Il Primo Ministro greco Lucas Papademos riceve l'approvazione del governo su tagli al bilancio che corrispondono al 7% del Pil nei prossimi tre anni e su una ristrutturazione finalizzata a ridurre di €100 mld gli oltre €200 mld di debito detenuto dai creditori privati, atteso il voto del parlamento • Standard & Poor's declassa il merito creditizio di 34 banche italiane tra cui UniCredit a BBB+ da A, Intesa Sanpaolo a BBB+ da A e Banca Monte dei Paschi di Siena a BBB da BBB+, S&P anticipa "una redditività decisamente debole per le banche italiane nei prossimi anni" • La produzione industriale italiana aumenta a dicembre +1,4% da novembre +0,3%, oltre le stime degli economisti +0,5%, anche se i dati del quarto trimestre -2,1% suggeriscono che la terza economia della zona euro è entrata nella seconda recessione dal 2009 • I Btp decennali salgono per la quinta settimana consecutiva, il periodo di recupero più lungo in oltre cinque anni, la prossima settimana il Tesoro vende €4 mld di buoni al 6% con scadenza 2014 • L'euro cala dal massimo di due mesi contro il dollaro, il mercato azionario europeo cala dal massimo di sei settimane e l'azionario Usa registra la prima settimana di perdite del 2012 dopo che i ministri delle finanze europee non hanno concesso il pacchetto di aiuto necessario a prevenire il collasso economico della Grecia

martedì 18 ottobre 2011

Market Comment - October 18

(Marco Bonelli) For IBM, good is definitely not good enough! - For BAC and GS, bad seems to be "the worst is over"!

After numerous quarters of handily beating EPS and revenue estimates and the stock even closing at a new all-time-high last Friday, it's a classic case where expectations have been set too high and the company couldn't deliver.

Another example is China's Q3 GDP growth at 9.1%, quite a bit below estimates. With the last four quarters averaging around 9.6% and the miraculous expansion only taking a dip end of 2008, beginning of 2009, expectations probably have also been set a bit too high and the growth machine couldn't deliver. Still, industrial production in September exceeded estimates, but the GDP clearly weighs more.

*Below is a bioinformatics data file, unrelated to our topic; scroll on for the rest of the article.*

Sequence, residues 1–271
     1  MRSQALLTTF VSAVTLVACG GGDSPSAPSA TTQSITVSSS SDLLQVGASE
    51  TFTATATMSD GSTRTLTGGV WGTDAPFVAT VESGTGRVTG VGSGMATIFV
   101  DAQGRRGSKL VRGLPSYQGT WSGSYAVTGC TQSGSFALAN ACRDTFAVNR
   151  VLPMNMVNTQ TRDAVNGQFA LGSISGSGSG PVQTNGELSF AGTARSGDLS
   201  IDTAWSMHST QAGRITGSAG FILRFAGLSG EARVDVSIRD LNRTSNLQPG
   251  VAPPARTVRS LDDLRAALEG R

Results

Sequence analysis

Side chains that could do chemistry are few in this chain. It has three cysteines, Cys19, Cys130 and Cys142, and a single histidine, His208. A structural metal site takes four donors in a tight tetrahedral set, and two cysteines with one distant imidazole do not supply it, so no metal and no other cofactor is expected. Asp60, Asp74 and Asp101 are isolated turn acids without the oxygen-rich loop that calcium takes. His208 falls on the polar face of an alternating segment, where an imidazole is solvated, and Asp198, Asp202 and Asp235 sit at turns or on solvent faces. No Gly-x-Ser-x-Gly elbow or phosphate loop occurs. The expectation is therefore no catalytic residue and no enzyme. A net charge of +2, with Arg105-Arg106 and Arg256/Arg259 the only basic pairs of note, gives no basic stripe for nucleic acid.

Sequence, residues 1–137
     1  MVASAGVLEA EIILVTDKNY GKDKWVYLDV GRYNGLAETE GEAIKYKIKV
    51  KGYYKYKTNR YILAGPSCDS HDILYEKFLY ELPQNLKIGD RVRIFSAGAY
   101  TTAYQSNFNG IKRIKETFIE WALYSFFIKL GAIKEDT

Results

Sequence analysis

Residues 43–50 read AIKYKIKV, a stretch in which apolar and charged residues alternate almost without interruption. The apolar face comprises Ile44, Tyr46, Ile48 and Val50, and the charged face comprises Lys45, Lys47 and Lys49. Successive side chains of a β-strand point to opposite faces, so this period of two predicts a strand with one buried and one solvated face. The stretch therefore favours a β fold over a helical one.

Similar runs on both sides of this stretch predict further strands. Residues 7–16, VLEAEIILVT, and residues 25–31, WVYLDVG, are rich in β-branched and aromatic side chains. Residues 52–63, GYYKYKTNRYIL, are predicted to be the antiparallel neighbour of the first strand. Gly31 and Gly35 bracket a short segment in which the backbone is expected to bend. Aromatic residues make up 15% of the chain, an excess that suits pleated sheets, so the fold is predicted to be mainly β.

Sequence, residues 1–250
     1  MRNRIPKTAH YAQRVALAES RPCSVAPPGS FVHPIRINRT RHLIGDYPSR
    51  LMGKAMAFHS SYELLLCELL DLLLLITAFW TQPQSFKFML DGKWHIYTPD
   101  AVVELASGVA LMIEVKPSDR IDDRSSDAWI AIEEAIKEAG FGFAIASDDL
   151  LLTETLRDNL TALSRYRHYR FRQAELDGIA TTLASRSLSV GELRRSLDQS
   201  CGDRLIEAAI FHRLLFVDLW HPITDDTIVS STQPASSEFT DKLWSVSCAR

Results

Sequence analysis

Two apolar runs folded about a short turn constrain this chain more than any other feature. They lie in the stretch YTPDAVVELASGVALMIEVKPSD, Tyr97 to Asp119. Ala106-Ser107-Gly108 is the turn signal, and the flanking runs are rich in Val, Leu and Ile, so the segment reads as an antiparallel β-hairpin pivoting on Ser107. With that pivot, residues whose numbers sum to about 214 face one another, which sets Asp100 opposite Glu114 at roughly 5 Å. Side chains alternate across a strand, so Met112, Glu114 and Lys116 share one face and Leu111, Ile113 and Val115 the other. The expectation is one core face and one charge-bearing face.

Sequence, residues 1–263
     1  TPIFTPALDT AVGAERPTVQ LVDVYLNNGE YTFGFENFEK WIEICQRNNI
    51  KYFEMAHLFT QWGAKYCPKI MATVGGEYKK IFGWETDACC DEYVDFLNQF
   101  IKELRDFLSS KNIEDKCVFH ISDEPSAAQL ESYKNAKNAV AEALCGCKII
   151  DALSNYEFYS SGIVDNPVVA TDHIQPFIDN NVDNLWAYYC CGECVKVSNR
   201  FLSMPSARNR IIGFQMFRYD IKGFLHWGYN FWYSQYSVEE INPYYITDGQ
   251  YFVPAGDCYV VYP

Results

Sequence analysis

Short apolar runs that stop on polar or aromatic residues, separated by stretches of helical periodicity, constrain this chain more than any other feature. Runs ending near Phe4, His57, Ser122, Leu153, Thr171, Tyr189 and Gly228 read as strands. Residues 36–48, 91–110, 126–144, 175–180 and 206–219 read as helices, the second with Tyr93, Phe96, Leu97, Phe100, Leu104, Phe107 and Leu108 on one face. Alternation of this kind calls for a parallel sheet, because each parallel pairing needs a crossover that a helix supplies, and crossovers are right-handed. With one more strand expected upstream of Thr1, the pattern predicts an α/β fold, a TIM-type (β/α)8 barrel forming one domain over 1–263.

Here are a few observations regarding yesterday's market performance that saw the biggest gainers in the last two weeks (basic materials, financials, industrials and technology) loose the most:

- Most financials (JPM, C, WFC, BAC) so far just made their earnings by applying multiple accounting gimmicks; ex special gains and other items, most reports fell short of expectations. GS was a nice exception to that rule as they had nothing to hide a catastrophic implosion of earnings and revenues, worse than the worst expectation. In light of weak Q3 results (despite sharply lowered expectations), the BKX, that rallied 22.1% between October 4 and October 12, already lost 8.3% in the last three days and also broke again below its 50day MA.

- Back to IBM and the technology sector. The Nasdaq Composite and NDX were the only major indexes that broke out of their August/September highs. In that 16%plus move, both indexes opened up three gaps and the NDX came 2.8% close to its 10 ½ year high from July. Finally, the NDX also broke slightly back into its 2-year uptrend from beginning of the recovery after the recession - not only a technical but also a very symbolic move. For the moment, this is already past. The market rolled over, AAPL lost $10 in one hour, the NDX once again broke its 2-year uptrend (2350), fell below the September highs at 2337.70 and also closed the first gap at 2330.60.

- While the major indexes moved higher over the last two weeks, NYSE and Nasdaq trading volumes steadily declined each day - not a indicator of real strength.

- One word about Europe, another case where -once again- becomes clear, that optimistic expectations couldn't get met. Now the ambitious goal of delivering a master-plan by Sunday meets more and more skepticism and reality kicks in that the European debt crisis might not be over (surprise!). With that the Euro also started rolling over after advancing from 1.315 to almost 1.39 in the last two weeks. End of last week, the currency ran into its 3-year downtrend (1.3910), its 50day MA (1.3910) and several other technical resistance levels between 1.3840 and 1.40. Hopes are still high that the European Commission will produce something by October 23, but if expectations don't get met, the Euro might have another leg down. In the past, correlation between the Euro and the SPX was very close.

Although most of these observations indicate more downside, yesterday's sell-off probably gets more seen as necessary profit-taking from over-bought conditions and just a little interruption of the rally. In the pre-market, the perception towards bad earnings from BAC and GS also appears that it cannot get a lot worse (both stocks trade above yesterday's close in the pre-market). If the rally resumes or if it ran out of steam yesterday, current levels still reflect relatively high expectations. Within the last days, a lot of these (optimistic) expectations didn't get met. If this development becomes the norm, the rally from the lows last Tuesday was only built on hot air. Watch out!

Trade well.

(Marco Bonelli is the Managing Director of International for CL King & Associates in New York. The opinions expressed are his own)

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